IKEA, the furniture haven for college students and budding yuppies, has issued a massive recall of dressers. The Consumer Product Safety Commission said in a statement Wednesday that the MALM chests of drawers for both adults and children from IKEA had been involved in accidents that killed two children. Both incidences of death involved a MALM chest of drawers falling onto a small child; the first incident occurred in February 2014, the second only months later in June 2014. But how do you know if your own IKEA dresser needs a fix?
IKEA has acknowledged the hazard of the MALM, and is offering free wall-mounting "repair" kits to U.S. consumers with MALM chests of drawers, and all children's dressers taller than 23.5 inches and adult dressers taller than 29.5 inches. The CPSC has said that use of this furniture should be discontinued immediately until a wall-mounting can be secured. IKEA says that securing the furniture to a wall will prevent it from tipping over, and dramatically increases the safety of the product. You can order them here, or get them at your nearest IKEA store.
We all know that IKEA furniture either seems like it would still be perfectly intact after getting hit by a tornado, or feels like it could break the moment you secure the final screw while assembling it. Here are some indicators that your IKEA dresser might need a repair.
If You Have Children In Your Home
Both of these incidents of tragic deaths involved two young children, ages two and 23 months. Since children may be inclined to climb on furniture, or would be unable to remove themselves out from under furniture that falls on them, it's best to play it very safe and secure any dresser to the wall. Same if you have pets.
If Your Dresser Is Not Currently Secured To A Wall
In general it is recommended that dressers (and most vertical standing IKEA furniture) gets fastened to the wall. I lived in an apartment where my roommates and I had a combined 900 books in our home, and you bet our IKEA shelves were bolted to the living room wall. Furniture made of lightweight materials that are holding heavy items will be more likely to break and potentially fall over or collapse.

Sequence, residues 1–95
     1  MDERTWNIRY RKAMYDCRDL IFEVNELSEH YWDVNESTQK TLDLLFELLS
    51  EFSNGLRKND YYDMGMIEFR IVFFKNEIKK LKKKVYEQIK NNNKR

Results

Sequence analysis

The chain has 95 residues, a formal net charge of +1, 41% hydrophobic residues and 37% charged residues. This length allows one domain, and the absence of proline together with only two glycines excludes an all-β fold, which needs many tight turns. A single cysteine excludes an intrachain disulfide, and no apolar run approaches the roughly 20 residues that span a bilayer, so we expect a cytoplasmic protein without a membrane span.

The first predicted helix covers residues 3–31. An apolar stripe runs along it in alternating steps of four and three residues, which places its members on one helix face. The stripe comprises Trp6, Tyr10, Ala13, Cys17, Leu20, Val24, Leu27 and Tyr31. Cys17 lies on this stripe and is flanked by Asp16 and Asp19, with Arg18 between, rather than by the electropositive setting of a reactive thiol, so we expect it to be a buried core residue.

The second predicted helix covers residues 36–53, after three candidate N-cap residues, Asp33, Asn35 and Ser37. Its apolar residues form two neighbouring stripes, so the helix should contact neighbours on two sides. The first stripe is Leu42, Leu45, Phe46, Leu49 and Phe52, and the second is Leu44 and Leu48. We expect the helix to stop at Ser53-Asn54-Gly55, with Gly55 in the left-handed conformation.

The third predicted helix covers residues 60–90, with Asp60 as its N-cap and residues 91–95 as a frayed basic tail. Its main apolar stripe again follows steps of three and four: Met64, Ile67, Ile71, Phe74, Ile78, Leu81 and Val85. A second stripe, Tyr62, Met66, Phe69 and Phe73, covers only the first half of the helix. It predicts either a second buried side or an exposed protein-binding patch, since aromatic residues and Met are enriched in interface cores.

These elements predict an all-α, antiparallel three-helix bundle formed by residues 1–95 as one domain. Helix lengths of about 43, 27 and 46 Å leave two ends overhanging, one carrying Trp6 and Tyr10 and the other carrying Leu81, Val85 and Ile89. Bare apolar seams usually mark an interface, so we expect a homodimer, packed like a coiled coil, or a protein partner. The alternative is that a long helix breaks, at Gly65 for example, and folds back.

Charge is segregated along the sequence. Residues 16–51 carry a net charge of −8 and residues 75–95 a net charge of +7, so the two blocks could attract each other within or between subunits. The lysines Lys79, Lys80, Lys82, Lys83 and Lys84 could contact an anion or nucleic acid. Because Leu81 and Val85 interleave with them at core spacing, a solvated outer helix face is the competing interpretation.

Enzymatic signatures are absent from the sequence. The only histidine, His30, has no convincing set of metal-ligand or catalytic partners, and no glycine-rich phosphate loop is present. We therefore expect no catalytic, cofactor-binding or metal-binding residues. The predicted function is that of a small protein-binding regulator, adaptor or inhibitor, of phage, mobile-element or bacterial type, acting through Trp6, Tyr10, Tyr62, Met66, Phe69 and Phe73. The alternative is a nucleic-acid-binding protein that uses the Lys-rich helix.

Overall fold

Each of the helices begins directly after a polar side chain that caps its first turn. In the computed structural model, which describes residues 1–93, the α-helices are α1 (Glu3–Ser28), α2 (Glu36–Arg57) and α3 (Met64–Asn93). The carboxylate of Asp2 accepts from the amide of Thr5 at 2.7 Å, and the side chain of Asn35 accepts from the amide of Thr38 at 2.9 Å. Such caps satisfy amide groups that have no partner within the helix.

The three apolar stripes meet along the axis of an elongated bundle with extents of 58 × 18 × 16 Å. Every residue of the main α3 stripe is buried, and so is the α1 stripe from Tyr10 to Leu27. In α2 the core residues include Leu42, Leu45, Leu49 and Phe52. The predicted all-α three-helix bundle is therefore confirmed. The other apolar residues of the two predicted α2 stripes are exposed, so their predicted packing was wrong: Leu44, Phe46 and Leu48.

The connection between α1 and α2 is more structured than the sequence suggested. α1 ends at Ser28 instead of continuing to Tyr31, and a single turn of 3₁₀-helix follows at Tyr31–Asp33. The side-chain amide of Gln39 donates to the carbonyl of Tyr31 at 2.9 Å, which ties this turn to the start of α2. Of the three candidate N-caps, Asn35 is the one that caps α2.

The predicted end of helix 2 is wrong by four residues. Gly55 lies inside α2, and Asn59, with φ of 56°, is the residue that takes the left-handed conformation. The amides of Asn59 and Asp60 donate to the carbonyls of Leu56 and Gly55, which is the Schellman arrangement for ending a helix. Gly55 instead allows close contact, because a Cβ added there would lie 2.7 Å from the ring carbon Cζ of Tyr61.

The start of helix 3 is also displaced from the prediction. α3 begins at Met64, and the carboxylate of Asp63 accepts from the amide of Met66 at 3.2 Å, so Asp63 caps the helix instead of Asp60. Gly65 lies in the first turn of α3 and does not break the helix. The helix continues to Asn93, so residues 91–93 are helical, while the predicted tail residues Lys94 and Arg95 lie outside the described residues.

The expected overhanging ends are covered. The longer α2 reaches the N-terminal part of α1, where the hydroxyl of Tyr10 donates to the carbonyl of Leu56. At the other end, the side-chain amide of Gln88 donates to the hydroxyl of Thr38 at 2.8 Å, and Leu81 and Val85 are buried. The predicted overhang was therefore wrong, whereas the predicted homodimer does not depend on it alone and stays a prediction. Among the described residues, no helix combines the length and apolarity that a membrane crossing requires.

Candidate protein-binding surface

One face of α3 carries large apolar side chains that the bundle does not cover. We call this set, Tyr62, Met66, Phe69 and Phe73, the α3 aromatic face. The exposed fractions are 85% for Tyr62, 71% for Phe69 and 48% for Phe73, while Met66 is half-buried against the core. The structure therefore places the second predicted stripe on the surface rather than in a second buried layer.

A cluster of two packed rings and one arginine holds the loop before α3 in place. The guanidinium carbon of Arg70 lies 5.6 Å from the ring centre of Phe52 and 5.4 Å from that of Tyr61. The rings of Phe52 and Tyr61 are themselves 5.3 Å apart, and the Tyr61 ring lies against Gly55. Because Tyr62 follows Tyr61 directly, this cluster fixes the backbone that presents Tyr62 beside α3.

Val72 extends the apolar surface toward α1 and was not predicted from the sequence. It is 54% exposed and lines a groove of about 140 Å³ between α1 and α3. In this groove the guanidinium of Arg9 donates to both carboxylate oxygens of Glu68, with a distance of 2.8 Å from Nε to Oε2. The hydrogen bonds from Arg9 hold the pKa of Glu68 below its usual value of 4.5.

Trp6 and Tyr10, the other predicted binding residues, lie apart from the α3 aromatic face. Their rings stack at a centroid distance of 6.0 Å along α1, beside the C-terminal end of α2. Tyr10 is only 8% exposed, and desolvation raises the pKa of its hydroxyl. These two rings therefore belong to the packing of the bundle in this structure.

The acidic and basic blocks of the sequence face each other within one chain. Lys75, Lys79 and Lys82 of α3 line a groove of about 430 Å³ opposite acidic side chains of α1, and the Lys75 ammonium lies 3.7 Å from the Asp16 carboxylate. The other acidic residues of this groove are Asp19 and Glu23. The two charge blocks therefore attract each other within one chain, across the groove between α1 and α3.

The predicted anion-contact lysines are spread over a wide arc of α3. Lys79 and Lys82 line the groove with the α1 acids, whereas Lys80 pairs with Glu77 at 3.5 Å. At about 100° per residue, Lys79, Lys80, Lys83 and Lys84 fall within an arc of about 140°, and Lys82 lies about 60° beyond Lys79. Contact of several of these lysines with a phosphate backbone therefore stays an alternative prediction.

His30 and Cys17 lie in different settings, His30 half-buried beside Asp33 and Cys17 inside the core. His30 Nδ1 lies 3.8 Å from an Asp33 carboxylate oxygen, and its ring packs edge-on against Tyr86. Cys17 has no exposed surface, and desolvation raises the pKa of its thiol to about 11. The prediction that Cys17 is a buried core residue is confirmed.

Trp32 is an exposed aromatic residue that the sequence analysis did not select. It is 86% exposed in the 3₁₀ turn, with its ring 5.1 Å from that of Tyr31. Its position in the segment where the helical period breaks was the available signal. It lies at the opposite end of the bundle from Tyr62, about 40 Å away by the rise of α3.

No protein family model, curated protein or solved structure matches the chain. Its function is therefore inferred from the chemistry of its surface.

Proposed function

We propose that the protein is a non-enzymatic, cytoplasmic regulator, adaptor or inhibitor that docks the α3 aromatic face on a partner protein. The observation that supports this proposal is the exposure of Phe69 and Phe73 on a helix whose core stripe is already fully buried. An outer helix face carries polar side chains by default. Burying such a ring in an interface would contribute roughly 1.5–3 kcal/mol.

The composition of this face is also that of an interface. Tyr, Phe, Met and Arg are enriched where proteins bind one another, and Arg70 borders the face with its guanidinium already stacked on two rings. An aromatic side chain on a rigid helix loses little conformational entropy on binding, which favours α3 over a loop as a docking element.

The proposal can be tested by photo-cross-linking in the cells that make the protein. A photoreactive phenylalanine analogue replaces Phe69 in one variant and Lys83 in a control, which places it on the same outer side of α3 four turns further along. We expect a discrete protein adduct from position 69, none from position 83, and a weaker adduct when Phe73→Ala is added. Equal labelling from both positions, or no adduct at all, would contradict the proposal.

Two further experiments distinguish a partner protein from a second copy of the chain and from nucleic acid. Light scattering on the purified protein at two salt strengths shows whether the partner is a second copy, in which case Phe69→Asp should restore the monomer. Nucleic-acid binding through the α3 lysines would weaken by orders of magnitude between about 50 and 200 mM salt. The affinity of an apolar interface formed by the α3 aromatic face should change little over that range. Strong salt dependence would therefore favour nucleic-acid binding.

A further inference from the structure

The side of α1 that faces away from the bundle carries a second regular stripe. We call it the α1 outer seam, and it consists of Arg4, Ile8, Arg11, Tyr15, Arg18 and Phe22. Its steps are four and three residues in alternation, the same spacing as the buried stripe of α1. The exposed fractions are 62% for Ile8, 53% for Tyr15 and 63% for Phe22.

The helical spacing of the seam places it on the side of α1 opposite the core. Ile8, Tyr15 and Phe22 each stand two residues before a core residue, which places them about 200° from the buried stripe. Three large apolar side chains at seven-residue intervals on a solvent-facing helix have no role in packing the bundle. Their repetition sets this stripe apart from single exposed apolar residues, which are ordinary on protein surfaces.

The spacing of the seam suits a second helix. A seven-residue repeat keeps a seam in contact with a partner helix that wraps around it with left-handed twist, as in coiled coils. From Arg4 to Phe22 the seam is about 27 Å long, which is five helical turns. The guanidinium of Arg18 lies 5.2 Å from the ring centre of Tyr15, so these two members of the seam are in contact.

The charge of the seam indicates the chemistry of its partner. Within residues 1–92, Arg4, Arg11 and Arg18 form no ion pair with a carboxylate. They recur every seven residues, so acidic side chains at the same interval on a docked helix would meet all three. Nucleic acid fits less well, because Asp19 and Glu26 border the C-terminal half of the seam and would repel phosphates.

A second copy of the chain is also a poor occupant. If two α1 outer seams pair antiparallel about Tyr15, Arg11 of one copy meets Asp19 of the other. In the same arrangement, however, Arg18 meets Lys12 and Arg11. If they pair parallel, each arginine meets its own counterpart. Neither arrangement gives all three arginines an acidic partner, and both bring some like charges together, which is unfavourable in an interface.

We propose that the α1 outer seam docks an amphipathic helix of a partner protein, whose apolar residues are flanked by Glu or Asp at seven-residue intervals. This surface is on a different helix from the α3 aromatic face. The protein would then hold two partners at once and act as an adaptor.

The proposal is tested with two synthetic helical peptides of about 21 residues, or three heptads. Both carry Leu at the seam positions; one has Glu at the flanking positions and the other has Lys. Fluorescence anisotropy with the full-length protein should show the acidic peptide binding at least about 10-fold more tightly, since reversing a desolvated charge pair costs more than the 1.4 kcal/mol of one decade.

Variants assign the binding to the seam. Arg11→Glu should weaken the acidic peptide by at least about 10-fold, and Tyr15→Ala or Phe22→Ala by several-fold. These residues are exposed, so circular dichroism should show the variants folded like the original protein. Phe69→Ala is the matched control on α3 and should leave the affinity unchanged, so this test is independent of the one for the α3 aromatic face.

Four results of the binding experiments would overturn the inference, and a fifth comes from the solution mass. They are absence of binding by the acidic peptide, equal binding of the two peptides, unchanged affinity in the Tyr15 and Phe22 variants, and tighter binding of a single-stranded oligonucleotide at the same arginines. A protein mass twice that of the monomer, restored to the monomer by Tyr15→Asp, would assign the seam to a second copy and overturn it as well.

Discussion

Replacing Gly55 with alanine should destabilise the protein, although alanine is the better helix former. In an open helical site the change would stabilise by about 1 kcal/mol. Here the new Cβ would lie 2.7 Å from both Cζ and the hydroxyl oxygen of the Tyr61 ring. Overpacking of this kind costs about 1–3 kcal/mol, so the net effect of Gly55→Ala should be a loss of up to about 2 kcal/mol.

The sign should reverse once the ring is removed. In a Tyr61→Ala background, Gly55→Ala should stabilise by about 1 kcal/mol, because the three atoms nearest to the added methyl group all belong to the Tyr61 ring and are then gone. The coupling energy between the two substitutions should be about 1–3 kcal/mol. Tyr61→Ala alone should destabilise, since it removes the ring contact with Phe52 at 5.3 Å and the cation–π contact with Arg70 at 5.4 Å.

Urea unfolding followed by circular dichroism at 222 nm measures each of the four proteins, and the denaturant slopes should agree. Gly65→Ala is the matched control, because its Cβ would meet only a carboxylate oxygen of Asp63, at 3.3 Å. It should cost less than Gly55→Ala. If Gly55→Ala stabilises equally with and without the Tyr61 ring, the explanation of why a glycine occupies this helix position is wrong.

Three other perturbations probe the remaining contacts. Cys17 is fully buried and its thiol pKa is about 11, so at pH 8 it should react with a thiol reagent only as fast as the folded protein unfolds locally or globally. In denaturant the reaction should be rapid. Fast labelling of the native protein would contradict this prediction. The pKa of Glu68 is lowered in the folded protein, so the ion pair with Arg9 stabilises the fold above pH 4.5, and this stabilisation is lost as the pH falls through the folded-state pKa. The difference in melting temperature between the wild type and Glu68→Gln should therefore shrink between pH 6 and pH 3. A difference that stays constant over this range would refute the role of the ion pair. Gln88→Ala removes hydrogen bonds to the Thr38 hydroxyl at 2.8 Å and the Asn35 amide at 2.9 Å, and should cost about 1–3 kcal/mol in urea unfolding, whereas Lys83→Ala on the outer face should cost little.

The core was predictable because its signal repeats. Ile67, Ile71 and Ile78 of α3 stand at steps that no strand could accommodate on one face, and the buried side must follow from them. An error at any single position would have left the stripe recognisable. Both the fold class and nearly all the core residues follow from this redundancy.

If The Dresser Is Older And Showing Signs Of Wear
Just because your dresser has been holding up for a long time doesn't mean that you shouldn't seriously consider fastening it to the wall, just to be sure. My old MALM has been very reliable, but having slung it around in several moving vans over the years, I am planning to get myself a kit to fix it to the wall.
If Your Dresser Is Chock Full Of Stuff
I don't know about you, but my IKEA dresser is fully loaded. The drawers are completely stuffed with clothes and random junk that I haven't cared to organize over the last couple of years. All that weight could potentially make a tall dresser (like mine!) a little more wobbly and perhaps likelier to fall over. Either be sure that your dresser isn't carrying more than its maximum load, or just secure it to the wall. Or probably both.
So, now that we have official confirmation from IKEA and the Consumer Product Safety Commission that it's really for the best to secure these dressers to the wall, I'm going to go ahead and fully endorse that recommendation. Too much is at risk, and after spending a couple (or in some cases more like seven or eight...) hours putting together a piece of IKEA furniture, taking another ten minutes to fasten it to the wall should be no sweat.
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